This is a very fresh and enjoyable production. Duke Orsino’s gluttony for punishment – “If music be the food of love, play on” – is played with great sweetness and sensitivity by Matt Ball, and perhaps the sentiment is made too ‘exquisite’, in that we rarely glimpse that side of the Duke which so affrights his beloved Lady Olivia. We see her striding onto the other side of the stage in a truly frightful mood. Her impatience is directed at Feste, Olivia’s “corrupter of words”, whose riddles infuriate but have pith. Feste is the only character who comfortably crosses the stage, moving as he does between Orsino’s bachelor pad and Olivia’s topsy-turvy world – two worlds, yes, but perhaps not quite as opposite as the transverse stage enforces (or maybe it is meant to hint just that.) Later, there is a lovely moment when, having been summoned, Feste, all-along playing his guitar on-stage, suddenly appears to Orsino et al from behind his hat (a prop he shares with Viola’s male-symbolic costume – she also has an ostentatiously askew tie – as though to bend genders even more.) Such moments of sensitive direction are skillfully acted-out by a cast who seemed to be in the best of humours – reminding one just how much fun it is to be in a play; and this atmosphere of festival, I think, is entirely appropriate to Twelfth Night.
The set and characterisation come together at their best in another lovely scene between Orsino and the disguised Viola. Play-acting the role of an older, wiser mate, Orsino happily dishes out advice on love. Matt Ball’s performance here smells, as it should, of pretense – his suit is refused by an exasperated Olivia, repeatedly – and the setting and tone – it is the ‘Duke’s Bar’ and they are sharing a few drinks – so well show him up to be the bachelor that he is (a bachelorhood which will be surprisingly brought into question.)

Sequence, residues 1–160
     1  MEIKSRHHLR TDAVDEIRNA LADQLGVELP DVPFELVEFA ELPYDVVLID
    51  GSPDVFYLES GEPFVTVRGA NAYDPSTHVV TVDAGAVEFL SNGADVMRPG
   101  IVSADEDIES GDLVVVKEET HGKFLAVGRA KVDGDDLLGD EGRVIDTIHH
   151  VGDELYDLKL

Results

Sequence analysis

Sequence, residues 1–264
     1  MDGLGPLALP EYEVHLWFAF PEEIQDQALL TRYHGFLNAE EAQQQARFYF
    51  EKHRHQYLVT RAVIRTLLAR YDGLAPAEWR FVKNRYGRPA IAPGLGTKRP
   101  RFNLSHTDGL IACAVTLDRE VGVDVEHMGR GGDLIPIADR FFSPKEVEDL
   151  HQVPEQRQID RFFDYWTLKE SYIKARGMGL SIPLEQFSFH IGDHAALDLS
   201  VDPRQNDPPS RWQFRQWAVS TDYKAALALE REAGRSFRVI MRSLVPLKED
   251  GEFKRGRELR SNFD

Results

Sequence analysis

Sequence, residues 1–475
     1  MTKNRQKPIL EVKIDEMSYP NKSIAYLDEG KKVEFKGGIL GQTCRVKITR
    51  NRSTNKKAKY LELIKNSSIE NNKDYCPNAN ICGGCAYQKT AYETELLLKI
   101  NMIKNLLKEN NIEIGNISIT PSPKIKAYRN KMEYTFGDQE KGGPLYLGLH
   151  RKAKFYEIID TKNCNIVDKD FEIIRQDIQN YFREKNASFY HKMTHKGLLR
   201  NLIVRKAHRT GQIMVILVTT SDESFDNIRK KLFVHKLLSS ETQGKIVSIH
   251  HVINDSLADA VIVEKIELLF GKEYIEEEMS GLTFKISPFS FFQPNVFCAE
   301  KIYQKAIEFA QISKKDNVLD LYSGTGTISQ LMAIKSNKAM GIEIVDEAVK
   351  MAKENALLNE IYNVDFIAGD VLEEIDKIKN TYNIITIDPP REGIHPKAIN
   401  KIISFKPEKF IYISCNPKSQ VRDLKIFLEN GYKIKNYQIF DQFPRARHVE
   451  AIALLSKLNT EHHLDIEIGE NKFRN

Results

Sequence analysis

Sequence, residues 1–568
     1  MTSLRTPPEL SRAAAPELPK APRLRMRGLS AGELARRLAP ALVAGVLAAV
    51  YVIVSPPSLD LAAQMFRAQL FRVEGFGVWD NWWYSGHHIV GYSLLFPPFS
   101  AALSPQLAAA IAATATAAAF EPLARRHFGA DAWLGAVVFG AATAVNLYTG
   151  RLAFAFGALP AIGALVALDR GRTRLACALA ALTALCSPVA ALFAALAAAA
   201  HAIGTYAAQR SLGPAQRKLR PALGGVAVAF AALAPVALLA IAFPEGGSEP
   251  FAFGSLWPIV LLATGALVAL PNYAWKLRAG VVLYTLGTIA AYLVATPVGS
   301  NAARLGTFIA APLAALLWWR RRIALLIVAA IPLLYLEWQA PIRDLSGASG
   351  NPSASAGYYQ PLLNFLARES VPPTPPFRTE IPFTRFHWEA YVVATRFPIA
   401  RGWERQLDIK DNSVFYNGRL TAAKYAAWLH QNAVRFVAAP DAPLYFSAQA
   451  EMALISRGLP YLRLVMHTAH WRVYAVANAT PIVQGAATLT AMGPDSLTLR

The transition from stroppiness to reluctantly and improbably love-struck devotee (of Viola, as Cesario) is played with great humour by Kate O’Connor. But the extent of Olivia’s complete absurdity – she is in mourning in perpetuity – is not fully realised. Her horror at Malvolio’s, played by Peter Rhodes, creepy advances is very funny – though admittedly this would probably be hilarious however it was done. I don’t see how Alice Fraser might improve upon her portrayal of Maria at all, except that, along with her co-conspirators, she could do more to convey how much the sinisterness of their plan seems to not fit the play’s comic decorum – a highlight of which is the staggering Sir Toby Belch, David Cochrane, and the saucy Sir Andrew Aguecheeck, Alex Pullinger. The funny and the pathetic, though, come together best in Viola, Kate O’Connor, whose fluency has only one possible caveat: at times she speaks too fast. This is a play full of questions – “What are you? What would you?” – which have an urgency beyond the machinery of a comedy of errors, and Viola’s double dilemma makes us feel we agree that “I see now Disguise, thou art a wickedness.”
Click here for the trailer: Twelfth Night
Twelfth Night is playing at the Keble O’Reilly Theatre from Thursday to Saturday of 3rd week.